Formative scenario analysis of the factors influencing the adoption of industrialised construction in countries with high housing demand – the cases of Ethiopia, Kenya, and South Africa

Firehiwot Kedir, Qian Chen, Daniel M. Hall, Bryan T. Adey and Richard Boyd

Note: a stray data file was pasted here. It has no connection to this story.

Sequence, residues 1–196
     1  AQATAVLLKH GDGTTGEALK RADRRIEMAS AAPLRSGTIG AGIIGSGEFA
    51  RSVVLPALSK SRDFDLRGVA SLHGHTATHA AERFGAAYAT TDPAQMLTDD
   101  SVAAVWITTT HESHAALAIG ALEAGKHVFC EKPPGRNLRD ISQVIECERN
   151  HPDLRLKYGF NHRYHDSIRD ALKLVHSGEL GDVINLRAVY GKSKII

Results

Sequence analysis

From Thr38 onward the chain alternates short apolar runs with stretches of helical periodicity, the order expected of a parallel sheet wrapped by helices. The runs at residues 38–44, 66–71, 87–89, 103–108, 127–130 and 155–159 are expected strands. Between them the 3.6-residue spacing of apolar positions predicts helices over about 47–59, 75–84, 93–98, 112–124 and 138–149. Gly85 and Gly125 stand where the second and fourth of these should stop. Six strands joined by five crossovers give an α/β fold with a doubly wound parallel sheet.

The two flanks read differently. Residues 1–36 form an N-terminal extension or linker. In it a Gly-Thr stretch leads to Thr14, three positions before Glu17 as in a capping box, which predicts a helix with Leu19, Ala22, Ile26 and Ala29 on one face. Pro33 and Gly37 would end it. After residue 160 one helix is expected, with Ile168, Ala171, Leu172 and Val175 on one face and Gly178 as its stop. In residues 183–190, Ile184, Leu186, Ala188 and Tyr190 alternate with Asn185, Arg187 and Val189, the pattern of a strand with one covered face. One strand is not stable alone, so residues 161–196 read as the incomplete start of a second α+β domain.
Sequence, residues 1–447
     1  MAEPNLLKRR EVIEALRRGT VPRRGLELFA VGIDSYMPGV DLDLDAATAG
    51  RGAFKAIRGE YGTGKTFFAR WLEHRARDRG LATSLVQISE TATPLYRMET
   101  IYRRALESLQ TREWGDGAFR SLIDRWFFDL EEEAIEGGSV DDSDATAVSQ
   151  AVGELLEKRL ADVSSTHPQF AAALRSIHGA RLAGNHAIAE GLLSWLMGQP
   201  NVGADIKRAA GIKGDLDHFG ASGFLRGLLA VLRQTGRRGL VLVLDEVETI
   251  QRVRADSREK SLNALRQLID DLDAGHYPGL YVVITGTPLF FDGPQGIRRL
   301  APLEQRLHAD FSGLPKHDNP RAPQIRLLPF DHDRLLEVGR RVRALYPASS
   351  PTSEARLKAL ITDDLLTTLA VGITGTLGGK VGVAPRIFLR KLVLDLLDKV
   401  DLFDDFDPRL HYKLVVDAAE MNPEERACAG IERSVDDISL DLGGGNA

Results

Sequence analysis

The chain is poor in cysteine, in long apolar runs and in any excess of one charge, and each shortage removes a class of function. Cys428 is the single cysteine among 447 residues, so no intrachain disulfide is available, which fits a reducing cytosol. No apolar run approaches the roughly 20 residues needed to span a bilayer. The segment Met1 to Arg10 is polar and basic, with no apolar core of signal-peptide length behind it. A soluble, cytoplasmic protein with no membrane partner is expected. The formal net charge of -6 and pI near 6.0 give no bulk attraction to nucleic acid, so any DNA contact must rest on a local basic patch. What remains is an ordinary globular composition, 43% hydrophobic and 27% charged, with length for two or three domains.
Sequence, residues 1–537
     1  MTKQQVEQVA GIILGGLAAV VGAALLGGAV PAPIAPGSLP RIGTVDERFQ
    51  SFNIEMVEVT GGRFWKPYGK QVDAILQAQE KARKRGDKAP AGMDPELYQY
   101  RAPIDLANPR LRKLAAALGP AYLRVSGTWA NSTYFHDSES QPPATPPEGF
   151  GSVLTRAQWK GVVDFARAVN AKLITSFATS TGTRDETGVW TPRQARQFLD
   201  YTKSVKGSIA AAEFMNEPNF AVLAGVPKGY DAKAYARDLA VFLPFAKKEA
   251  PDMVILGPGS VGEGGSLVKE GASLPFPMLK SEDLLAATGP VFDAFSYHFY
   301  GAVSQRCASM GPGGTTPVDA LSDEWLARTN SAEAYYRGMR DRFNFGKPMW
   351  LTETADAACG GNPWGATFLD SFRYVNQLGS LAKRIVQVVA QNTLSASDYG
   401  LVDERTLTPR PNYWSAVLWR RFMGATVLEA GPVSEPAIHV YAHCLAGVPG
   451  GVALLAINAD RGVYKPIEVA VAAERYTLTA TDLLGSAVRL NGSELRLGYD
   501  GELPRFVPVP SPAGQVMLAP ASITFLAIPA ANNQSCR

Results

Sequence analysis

The use of industrialised construction can help meet the growing housing demand for developing economies in Africa. In order to understand future scenarios for accelerated adoption of industrialised construction, it is necessary to identify the influencing factors. To do so, this paper conducts a formative scenario analysis which is a literature- and expert-based method, focussing on three countries that have high housing demands, i.e. Ethiopia, Kenya, and South Africa. The resulting analysis consists of three parts. The first is the identification of nineteen internal and external influencing factors. These factors range from product performance to policies and regulations. The second is the illustration of the importance of each factor as a function of its relationship with the other factors. The third is the description of three possible scenarios the adoption of industrialised construction may take in the three investigated countries. The findings show that the most important accelerators for the adoption of industrialised construction come from governments’ commitment to invest in future construction and incentivize companies to adopt industrial construction methods and for these companies to produce competitive products. The specific adoption policies to be implemented, however, depend greatly on the specific situation.

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